Echidna

One of the most important aspects of wildlife photography is getting shots as close to eye level as possible. Unless you are photographing a bird flying in the sky, generally looking up at wildlife or down over the top of them, simply doesn’t look right.

Over the last 15+ years of presenting wildlife photography workshops and courses, I have always told participants to get down low when taking shots of birds and other wildlife. Either lie on the ground, or at least squat down to a position that’s comfortable. Shots taken at eye level look so much more natural and appealing to the eye.

If an animal is up a tree, the angle can be quite severe, so one trick is to step back to reduce the steep angle. Also, depending on where you are, if there is a nearby hill or steps, head on up and get as close as you can to the height of your subject.

Backgrounds are important as well. Nobody wants to see a shot of an animal that has a busy, distracting background. Before I take photos of wildlife, I regularly look at the background to see if it’s busy. If so, and the situation allows, I will move around until I have a clear background. This, coupled with a wide aperture (i.e. small number) will help separate the animal from the background and make it stand out.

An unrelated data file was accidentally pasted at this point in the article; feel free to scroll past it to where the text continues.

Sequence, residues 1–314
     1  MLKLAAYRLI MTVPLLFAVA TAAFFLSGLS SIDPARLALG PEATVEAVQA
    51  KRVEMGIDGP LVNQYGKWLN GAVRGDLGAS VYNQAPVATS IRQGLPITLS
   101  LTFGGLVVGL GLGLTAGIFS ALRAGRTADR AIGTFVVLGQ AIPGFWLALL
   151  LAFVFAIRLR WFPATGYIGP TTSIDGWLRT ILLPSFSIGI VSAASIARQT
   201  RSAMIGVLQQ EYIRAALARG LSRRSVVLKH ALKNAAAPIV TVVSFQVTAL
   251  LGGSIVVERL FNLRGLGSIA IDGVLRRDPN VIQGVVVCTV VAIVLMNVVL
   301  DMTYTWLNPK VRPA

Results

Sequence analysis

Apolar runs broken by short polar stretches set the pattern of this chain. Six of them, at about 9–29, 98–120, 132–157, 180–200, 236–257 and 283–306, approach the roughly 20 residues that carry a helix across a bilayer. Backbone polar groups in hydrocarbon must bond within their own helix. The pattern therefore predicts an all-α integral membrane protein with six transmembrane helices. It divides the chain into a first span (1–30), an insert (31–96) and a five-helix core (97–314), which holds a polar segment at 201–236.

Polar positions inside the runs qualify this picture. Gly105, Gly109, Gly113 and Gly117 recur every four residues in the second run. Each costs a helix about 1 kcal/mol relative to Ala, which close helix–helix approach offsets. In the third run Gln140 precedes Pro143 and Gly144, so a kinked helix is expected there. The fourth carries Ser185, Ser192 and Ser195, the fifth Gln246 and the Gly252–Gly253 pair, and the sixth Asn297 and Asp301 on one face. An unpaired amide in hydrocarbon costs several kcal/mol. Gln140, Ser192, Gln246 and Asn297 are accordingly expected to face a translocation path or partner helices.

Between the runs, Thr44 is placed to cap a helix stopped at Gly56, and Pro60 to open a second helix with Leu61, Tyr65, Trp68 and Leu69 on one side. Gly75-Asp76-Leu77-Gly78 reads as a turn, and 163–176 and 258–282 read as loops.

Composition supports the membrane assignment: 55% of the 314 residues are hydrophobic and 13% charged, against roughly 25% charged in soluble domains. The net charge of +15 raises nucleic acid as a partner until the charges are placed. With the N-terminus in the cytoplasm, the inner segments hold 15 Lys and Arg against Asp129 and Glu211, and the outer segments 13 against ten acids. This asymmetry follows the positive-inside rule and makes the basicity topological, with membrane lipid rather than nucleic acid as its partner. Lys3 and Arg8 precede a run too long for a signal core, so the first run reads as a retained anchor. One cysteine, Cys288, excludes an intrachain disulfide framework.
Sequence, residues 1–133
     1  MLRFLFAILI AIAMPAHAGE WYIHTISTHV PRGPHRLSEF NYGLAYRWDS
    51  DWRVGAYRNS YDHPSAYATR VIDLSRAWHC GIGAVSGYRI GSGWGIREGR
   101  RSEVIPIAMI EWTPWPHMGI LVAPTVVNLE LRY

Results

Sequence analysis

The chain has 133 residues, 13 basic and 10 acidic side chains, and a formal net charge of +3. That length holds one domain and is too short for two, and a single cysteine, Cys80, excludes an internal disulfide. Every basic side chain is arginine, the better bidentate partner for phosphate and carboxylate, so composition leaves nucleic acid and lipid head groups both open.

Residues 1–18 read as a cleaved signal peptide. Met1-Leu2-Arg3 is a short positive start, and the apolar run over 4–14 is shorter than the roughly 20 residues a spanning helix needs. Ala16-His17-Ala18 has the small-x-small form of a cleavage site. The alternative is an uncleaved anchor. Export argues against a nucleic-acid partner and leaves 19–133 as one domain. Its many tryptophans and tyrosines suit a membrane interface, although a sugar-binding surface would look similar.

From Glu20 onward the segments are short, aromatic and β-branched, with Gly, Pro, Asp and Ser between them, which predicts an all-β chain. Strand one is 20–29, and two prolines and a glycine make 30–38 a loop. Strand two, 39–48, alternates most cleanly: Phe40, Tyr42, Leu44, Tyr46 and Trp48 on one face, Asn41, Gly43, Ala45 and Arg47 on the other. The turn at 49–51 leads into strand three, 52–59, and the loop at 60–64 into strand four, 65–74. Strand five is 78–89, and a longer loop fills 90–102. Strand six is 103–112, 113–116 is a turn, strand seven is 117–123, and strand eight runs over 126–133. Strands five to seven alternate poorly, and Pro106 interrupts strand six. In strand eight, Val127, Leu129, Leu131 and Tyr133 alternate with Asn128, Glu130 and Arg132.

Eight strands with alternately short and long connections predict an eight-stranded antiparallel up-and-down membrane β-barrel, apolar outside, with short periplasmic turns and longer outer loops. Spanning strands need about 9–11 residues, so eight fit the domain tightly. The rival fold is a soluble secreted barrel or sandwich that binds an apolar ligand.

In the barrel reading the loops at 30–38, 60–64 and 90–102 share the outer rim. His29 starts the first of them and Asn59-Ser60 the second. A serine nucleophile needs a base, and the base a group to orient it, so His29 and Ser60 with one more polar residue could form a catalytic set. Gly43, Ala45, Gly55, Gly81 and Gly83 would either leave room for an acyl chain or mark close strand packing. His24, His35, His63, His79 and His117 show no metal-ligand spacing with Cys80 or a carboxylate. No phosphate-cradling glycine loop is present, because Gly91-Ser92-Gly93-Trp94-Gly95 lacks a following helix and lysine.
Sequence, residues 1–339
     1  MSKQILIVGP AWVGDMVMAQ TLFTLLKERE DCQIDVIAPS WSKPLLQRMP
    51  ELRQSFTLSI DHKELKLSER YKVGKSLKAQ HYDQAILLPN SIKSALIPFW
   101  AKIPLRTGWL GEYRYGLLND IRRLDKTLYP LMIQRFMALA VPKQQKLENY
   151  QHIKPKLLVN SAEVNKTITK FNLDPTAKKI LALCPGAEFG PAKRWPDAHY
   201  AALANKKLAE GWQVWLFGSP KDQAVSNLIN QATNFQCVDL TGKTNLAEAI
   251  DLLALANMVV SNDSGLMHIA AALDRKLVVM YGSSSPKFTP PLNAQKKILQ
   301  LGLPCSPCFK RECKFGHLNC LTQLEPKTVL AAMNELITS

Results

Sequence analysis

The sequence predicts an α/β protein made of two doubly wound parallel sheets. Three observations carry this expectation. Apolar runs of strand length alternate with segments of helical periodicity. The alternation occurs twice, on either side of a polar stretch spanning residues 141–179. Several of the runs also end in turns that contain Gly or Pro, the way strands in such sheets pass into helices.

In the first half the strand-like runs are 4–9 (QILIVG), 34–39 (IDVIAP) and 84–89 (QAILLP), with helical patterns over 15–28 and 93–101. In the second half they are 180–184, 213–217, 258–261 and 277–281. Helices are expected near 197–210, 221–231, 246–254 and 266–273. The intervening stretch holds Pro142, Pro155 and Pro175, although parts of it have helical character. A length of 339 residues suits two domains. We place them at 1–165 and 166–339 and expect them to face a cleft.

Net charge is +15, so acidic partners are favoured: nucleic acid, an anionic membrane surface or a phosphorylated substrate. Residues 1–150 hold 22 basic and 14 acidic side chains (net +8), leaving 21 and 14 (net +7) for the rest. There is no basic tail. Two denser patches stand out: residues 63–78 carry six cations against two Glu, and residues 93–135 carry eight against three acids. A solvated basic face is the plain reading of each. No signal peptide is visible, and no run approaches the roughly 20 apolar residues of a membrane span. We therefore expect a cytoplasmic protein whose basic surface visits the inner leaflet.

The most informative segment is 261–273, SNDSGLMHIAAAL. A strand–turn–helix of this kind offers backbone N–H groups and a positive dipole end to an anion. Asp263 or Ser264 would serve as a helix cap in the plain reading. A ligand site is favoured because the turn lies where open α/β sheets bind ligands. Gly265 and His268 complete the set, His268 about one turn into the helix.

Lastly, it’s very important that there aren’t any distracting trees, poles, buildings or other objects sticking up directly behind the subject you are photographing. There is nothing worse that a tree ‘growing’ out of the head of the subject you are photographing!

If you have a passion for wildlife, nature or travel photography and would love to go on a small-number, professional photography adventure, please get in touch with Michael Snedic at WildNature Photo Expeditions. You can call him on 0408 941 965 or fill in this Contact Form and he will get back to you ASAP.

Teaching in Tassie

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